DJI FPV Goggles give racing drones a high-definition upgrade

DJI FPV goggles
(Image credit: DJI)

DJI is selling a Digital FPV system bundle that will let you fly any drone with their first-person, high-definition headset—provided you’re comfortable taking your drone apart first.

The manufacturer of TechRadar’s top four favorite drones, DJI claims its new FPV tech is the first ever to combine digital HD video with a low latency signal. Most FPV drone racers have hitherto relied on analog SD streams to ensure they can react to any obstacles in time, but DJI suggests its HD feed will have the “same latency” as current analog feeds. 

At Calvert Vaux Park in Brooklyn, we were among the first to strap on a pair of the new DJI FPV Goggles and watch in crisp 1080p as the DJI reps flew somersaults above us. While we’ll need to test its latency performance closely, our initial impression was that the HD visuals, at least, vastly outshine any other FPV drones we’ve tried thus far.

We have all of the standard info you’ll need before buying: pricing, specs, what comes in the box, and more. But we'll also lay out exactly why flying a drone straight out of the box, DJI or otherwise, hasn't fully prepared you for installing FPV tech into your drone.

Price, release date and accessories

  • DJI Digital FPV Transmission System goes on sale today, July 31
  • $819 / AU$1,299 (£734) for the “FPV Experience Combo”
  • $929 / AU$1,499 (£832) for the “Fly More Combo”

Neither of DJI’s FPV System bundles (on sale now) come with an actual drone. Unlike Parrot’s Mambo FPV or Bebop 2 Power FPV, which come with integrated FPV tech out of the box, you’re meant to combine DJI’s bundled components with your own racing drone or remote-controlled vehicle.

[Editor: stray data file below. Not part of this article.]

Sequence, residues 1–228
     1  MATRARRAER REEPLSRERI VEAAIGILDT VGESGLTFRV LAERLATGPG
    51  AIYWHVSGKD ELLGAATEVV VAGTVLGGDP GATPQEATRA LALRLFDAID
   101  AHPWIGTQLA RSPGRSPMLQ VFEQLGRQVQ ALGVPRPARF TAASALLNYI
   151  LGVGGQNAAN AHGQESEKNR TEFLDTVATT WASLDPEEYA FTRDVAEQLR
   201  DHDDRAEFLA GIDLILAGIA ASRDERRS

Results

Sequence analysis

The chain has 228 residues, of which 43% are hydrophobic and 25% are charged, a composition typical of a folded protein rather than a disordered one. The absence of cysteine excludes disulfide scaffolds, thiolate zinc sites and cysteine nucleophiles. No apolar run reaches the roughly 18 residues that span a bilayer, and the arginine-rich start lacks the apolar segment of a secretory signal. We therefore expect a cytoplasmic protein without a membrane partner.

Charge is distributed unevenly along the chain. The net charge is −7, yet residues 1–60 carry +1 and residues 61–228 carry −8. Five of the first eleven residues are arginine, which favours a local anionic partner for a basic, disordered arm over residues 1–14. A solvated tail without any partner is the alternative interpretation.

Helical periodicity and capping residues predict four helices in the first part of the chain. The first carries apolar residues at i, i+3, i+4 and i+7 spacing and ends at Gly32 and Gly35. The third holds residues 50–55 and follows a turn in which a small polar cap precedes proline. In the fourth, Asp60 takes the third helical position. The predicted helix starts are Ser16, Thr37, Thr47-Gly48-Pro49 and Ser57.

The Experience Combo gets you one pair of FPV Goggles, two FPV Cameras, two Air Unit Modules and assorted wires and antennas. In theory that means you can augment two of your drones for FPV flying at a time; each Air Unit creates a transmission connection between your drone, your FPV Goggles, and your controller.

Buy the Fly More Combo, and you’ll receive the Goggles, one Camera, one Air Unit, one remote controller and the same wires and antennas. This option only lets you add FPV tech to one drone at a time, but the native DJI controller can control and program parameters of the Goggles, Camera and Air Unit remotely while you fly. You technically only need the Goggles and Air Unit if you prefer your own RC controller or camera for your drone of choice.

(Image credit: DJI)

I can see clearly now

(Image credit: Future)

To show just how much of a difference digital HD makes to an FPV stream, DJI started off by flying a racing drone with an analog video transmitter and had us tune our FPV Goggles to that drone’s channel in Audience Mode. Then, we switched channels on the headset to another drone powered by the DJI Air Unit.

The visual differences were immediately apparent. In standard definition, you had all of the telltale signs of a bad stream: low resolution, constant flickering and pixelation, gray lines across the screen and poor color quality. See through the nauseating low quality, though, and the frame rate and responsiveness appeared almost flawless.

In high-def, the frames per second (FPS) and latency didn’t appear to dip at all, while the visual quality improved exponentially. Individual objects and details became much more noticeable than before, and the quality didn’t drop as the pilot took the drone through a series of loops and corkscrews. In the latter half of the flight I did notice the resolution quality dipping from before, and a few rare moments of discoloration, but nothing near the issues with the analog stream. 

Once the drone flew near us, I raised my arm and saw myself move almost immediately. According to the in-Goggles display, the feed’s latency vacillated between 24 and 29 ms, and this field test matched DJI’s reported average of 28ms with its “HD Low Latency FPV Transmission” tech. 

Ferdinand Wolf, the Creative Director of DJI Europe, also contended that it could hit “as low as 7ms”, but we didn’t see it drop that low today. The FPV Camera has three modes built for different uses—cinematic, racing and LED—and it’s likely that the racing mode would sacrifice some visual acuity for a more rapid response time.

Overall, DJI’s reported latency is extremely competitive with the current market of FPV drones. This thorough list of latency averages from drone expert Oscar Liang indicates that DJI’s alleged 28ms average matches the average of most SD FPV cameras, and easily beats all of the current HD models.